The COVID-19 pandemic has resulted in increased distress at a societal level, with youth and young people bearing a disproportionate burden. A series of recent Morbidity and Mortality Weekly Reports has highlighted emergency department (ED) visit rates for suicide attempts among youth ages 12–25 during the COVID-19 pandemic. This study expands those analyses by adding race and ethnicity to the examination of suspected suicide attempts among youth. This study uses National Syndromic Surveillance Program (NSSP) data for Wisconsin from hospitals that consistently reported ED visits between the study period of January 1, 2019 and September 30, 2021. Suspected suicide attempt visits were identified using the CDC-developed suicide attempt query.

What matters for adolescent suicidality: Depressive symptoms or fixed mindsets? Examination of cross-sectional and longitudinal associations between fixed mindsets and suicidal ideation.

AUTHOR(S)
Shimin Zhu; Paul W. C. Wong

Published: June 2022   Journal: Suicide and Life-Threatening Behavior

Fixed mindsets or beliefs about the non-malleability of self-attributes are linked to a wide range of negative psychological outcomes. Its association with suicidal ideation (SI) among young people has not been explored. This study aimed to examine the association of fixed mindsets of depression, anxiety, and stress and SI; and its mediating role underlying the association between depression and SI. A sample of 1393 adolescents (Mage = 13.04, SD = 0.85, 640 boys) from 11 middle schools voluntarily participated in a two-wave longitudinal study before and during the COVID-19 pandemic with a 9-month interval.

Finding the link between cyberbullying and suicidal behaviour among adolescents in Peninsular Malaysia

AUTHOR(S)
Siti Aisyah Mohd Fadhli; Jasy Liew Suet Yan; Ahmad Shahril Ab Halim (et al.)

Published: May 2022   Journal: Healthcare
Social media engagement has contributed to the rise of cyberbullying, which has recently triggered tragic suicides among adolescents. The objective of this cross-sectional study is to determine the prevalence of cyberbullying, suicidal behaviour, and their association among adolescents in Peninsular Malaysia. The study was conducted among 1290 secondary school adolescents aged between 13 and 17 years old in Peninsular Malaysia using a self-administered and anonymous online questionnaire.
Pediatric intensive care unit admissions after adolescent suicide attempts during the pandemic.

AUTHOR(S)
Nora Bruns; Lea Willemsen; Andreas Stang (et al.)

Published: May 2022   Journal: Pediatrics

The worldwide SARS-CoV-2 virus pandemic challenges adolescents’ mental health. The aim of this study was to compare the number of pediatric intensive care unit (PICU) admissions after suicide attempts during the first German lockdown and one year later during a second, prolonged lockdown with pre-pandemic years. A retrospective multicenter study was conducted among 27 German PICUs. Cases <18 years admitted to the PICU due to accidents or injuries between March 16th and May 31st of 2017-2021 were identified based on ICD-10 codes (German modification) and patient data entered into a database. This study is a subset analysis on suicide attempts in adolescents aged 12–17.9 years. The Federal Statistics Office was queried for data on fatal suicides, which were available only for 2020 in adolescents aged 10–17.9 years.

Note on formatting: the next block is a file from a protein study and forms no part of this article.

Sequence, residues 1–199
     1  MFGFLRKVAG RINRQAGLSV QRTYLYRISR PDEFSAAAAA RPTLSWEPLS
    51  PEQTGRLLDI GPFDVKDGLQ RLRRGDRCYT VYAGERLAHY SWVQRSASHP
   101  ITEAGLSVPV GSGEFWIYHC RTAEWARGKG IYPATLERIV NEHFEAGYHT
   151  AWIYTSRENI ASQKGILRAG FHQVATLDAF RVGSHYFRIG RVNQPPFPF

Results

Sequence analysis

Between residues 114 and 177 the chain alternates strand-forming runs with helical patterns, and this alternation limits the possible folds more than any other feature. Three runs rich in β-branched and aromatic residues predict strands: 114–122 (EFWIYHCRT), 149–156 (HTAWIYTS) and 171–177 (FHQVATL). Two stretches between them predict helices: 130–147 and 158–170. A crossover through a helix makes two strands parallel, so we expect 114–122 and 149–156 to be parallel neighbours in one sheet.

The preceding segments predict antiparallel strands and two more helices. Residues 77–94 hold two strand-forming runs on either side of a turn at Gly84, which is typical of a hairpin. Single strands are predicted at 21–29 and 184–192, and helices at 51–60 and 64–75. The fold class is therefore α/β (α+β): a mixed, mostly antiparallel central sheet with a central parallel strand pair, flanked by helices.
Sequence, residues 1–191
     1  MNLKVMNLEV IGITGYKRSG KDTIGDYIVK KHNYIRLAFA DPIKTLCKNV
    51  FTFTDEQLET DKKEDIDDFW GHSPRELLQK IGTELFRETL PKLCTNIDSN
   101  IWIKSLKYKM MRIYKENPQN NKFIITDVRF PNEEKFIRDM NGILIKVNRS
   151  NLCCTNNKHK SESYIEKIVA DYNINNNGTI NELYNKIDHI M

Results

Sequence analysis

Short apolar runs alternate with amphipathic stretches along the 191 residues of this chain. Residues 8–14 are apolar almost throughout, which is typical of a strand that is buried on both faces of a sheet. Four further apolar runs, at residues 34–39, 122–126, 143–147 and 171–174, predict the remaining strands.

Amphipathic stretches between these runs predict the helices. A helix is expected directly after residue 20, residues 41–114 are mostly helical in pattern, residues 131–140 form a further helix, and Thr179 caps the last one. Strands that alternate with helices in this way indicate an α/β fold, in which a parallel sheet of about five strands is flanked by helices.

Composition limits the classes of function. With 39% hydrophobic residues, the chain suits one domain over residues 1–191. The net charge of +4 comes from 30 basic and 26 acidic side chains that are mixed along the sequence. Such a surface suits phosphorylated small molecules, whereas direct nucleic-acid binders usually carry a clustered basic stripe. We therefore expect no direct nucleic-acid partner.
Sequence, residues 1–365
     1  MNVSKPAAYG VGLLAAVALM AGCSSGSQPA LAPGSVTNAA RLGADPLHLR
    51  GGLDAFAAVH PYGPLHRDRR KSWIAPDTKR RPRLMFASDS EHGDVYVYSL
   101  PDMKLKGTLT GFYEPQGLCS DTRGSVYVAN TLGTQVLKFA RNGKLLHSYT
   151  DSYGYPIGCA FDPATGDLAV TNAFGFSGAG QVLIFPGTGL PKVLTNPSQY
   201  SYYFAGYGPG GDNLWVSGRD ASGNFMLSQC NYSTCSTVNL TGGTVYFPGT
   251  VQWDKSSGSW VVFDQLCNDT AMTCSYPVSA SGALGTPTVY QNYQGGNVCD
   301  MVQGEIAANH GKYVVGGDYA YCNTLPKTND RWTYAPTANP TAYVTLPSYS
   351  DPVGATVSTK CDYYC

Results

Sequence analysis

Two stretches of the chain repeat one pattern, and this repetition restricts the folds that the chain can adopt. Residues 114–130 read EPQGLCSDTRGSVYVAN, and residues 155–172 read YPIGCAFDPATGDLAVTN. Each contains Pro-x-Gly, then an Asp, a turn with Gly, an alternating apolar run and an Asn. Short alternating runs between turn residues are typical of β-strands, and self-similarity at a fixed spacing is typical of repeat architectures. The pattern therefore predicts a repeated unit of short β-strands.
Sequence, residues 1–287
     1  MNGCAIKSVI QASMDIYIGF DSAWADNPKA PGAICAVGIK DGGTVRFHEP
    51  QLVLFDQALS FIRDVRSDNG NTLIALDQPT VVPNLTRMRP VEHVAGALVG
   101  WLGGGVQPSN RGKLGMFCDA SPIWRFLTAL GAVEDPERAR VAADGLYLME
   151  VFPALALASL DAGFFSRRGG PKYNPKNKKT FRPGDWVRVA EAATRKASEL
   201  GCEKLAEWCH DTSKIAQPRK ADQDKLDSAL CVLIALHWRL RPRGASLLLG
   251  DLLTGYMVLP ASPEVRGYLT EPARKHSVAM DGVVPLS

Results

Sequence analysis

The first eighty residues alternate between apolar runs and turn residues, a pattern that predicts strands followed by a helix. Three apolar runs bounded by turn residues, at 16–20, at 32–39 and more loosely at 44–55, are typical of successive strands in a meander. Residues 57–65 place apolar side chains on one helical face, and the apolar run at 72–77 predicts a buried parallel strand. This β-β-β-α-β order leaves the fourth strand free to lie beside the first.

Suicidal behavior in emergency child and adolescent psychiatric service users before and during the 16 months of the COVID-19 pandemic

AUTHOR(S)
Barbara Kirič; Lara Leben Novak; Petra Lušicky (et al.)

Published: May 2022   Journal: Frontiers in Psychiatry

Slovenia is among the countries with the highest suicide rates in the world. The COVID-19 pandemic has had a significant impact on the mental health of children and adolescents. Our hypothesis is that the school closure during the pandemic with a gradual transfer to virtual schooling had an important impact on children's and adolescents' suicidal behavior. Therefore, this study aimed to determine possible changes in the frequency of assessments as well as frequency and severity of suicidal behavior in the population of Slovene children and adolescents seeking emergency psychiatric help in correlation with the progression of the pandemic and online schooling. It performed a retrospective observational analysis of medical records of all children and adolescents referred to the only 24-h emergency in- and outpatient child and adolescent psychiatry service in Slovenia from March 2019 through the end of July 2021. It extracted number of assessments, number of patients with suicidal ideation and with attempted suicide. A comparison between the same periods prior to the pandemic and during the pandemic was made. The months of school closure due to the COVID-19 restriction measures and the months without closures were also compared.

Minding mental health: clinicians' engagement with youth suicide prevention

AUTHOR(S)
Katherine Klee; John P. Bartkowski

Published: May 2022   Journal: Social Sciences